Fruits and Veggies Today Lead to Healthier Hearts Tomorrow
January 12, 2021
Most people know the health value of including lots of fruits and vegetables in their diets. More recent findings add a new twist: Young people who adopt these healthy eating habits early in life can protect their heart from disease decades later.
Research published by the American Heart Association shows that young adults who eat five or more servings of fruits and vegetables a day may be up to 26% less likely to develop calcified coronary artery plaque, or clogged arteries, 20 years later. Plaque build-up can cause arteries to narrow and block blood flow, or break off and travel to other parts of the body, which is a common cause of heart attack or stroke.
The Right Mix: Diet and Exercise
Eating the right mix of fruits, vegetables, grains, proteins and dairy, along with recommended levels of daily physical activity, are important for younger people to stay healthy now and also into the future.
The USDA provides recommendations and a great guide that can be printed out to track daily servings by age group and calorie level. In the 14+ age group and for a 1,600 calorie diet, 1 1/2 cups of whole fruits and 2 cups of veggies are recommended daily.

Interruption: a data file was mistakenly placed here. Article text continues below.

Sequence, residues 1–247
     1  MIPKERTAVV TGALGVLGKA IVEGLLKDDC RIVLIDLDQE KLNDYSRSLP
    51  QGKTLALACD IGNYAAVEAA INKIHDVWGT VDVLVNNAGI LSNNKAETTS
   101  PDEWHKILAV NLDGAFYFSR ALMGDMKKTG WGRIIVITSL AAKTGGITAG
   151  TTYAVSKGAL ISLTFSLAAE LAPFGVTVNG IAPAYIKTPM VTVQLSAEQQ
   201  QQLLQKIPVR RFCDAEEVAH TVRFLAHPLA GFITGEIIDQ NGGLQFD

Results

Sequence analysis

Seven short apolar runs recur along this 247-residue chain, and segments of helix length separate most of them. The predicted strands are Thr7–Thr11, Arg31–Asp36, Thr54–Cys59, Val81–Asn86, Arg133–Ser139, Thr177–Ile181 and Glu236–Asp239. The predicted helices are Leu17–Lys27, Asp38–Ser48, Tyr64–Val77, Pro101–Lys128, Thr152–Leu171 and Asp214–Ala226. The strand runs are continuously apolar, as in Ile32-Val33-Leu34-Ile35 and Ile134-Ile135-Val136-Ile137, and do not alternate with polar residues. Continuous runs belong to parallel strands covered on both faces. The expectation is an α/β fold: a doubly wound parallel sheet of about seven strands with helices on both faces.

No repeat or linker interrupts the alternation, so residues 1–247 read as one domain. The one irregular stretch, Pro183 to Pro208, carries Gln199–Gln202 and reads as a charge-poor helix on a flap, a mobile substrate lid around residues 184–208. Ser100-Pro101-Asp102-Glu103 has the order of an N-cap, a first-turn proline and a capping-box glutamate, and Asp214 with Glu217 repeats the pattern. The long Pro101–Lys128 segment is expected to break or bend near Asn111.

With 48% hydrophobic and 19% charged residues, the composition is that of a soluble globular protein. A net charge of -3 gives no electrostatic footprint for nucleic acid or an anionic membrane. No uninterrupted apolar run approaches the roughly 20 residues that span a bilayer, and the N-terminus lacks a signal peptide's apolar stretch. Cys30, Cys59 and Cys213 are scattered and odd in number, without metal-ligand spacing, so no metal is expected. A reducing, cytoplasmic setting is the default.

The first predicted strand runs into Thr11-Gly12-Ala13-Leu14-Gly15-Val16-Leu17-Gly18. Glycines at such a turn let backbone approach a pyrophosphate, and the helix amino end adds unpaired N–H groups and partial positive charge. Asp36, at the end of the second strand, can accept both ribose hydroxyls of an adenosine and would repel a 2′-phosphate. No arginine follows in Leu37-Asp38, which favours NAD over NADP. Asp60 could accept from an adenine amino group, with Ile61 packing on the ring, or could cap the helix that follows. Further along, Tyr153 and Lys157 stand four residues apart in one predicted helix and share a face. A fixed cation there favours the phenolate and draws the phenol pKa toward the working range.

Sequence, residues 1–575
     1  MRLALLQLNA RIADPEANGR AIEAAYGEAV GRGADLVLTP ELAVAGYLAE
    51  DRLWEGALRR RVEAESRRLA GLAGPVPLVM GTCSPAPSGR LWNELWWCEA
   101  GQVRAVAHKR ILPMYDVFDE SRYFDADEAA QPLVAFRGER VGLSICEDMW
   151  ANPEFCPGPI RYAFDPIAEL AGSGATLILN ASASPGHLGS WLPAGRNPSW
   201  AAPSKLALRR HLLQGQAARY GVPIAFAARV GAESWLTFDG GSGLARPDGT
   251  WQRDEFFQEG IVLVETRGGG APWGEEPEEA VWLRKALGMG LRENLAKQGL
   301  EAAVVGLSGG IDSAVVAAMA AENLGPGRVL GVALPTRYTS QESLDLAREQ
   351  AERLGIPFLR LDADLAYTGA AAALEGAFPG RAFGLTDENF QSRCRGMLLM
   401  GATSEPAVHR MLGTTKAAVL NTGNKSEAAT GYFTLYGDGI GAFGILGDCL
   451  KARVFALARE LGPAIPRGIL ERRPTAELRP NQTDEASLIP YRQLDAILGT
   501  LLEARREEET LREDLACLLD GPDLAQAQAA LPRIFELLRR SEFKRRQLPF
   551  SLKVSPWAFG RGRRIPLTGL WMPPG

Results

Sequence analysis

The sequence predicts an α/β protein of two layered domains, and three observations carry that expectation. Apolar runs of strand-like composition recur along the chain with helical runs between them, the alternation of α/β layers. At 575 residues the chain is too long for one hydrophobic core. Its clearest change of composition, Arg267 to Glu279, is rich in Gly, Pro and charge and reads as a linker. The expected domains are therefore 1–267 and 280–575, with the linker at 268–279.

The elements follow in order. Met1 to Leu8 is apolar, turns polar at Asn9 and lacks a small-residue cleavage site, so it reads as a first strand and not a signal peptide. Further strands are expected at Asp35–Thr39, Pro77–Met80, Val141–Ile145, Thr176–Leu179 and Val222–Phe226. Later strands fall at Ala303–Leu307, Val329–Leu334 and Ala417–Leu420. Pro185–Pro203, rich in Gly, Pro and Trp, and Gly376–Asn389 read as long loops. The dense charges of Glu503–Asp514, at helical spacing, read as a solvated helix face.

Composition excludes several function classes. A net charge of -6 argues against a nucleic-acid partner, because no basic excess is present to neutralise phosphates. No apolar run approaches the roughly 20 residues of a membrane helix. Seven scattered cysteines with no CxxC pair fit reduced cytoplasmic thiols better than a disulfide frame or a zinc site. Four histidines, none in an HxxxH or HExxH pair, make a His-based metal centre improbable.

6 Easy Ways to Add Fruits and Vegetables to Your Diet
Keep fruits and vegetables on hand and within easy reach so when you and your family members are hungry, everyone will be less tempted to grab a high calorie and less nutritious snack such as chips, crackers and cheese. Here are a few suggestions on how to incorporate fruits and vegetables into your daily diet:
- Add fruit, fresh, frozen, canned or dried, to your cereal and yogurt
- Top your toast with peanut butter and sliced bananas
- Add vegetables (tomatoes, onions, red or green peppers, mushrooms) to your omelet
- Eat a variety of fruit, such as an apple, pear, orange, plum, or raisins, or raw vegetables, such as carrots, celery and broccoli for a mid-morning, afternoon or evening snack;
- Choose a large salad rather than a sandwich for lunch
- Make fruits and vegetables about half of your lunch or dinner plate. Serve 2 vegetables with dinner and eat fruit for dessert.
Mrinalini Meesala, MD
Mrinalini Meesala, MD, FACC, RPVI is a non-invasive cardiologist with The Heart Group. Dr. Meesala has special interest include women’s heart health, and is board-certified in internal medicine, cardiovascular disease, echocardiography, and nuclear cardiology.
Education: Medical School–Osmania Medical College; Internship and residency–Drexel University College of Medicine; Fellowship–Hahnemann University/Drexel University